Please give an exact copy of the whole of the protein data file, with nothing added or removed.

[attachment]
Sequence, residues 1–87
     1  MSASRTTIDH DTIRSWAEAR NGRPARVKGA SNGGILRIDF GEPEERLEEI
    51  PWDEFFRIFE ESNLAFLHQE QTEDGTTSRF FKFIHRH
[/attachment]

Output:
Sequence, residues 1–87
     1  MSASRTTIDH DTIRSWAEAR NGRPARVKGA SNGGILRIDF GEPEERLEEI
    51  PWDEFFRIFE ESNLAFLHQE QTEDGTTSRF FKFIHRH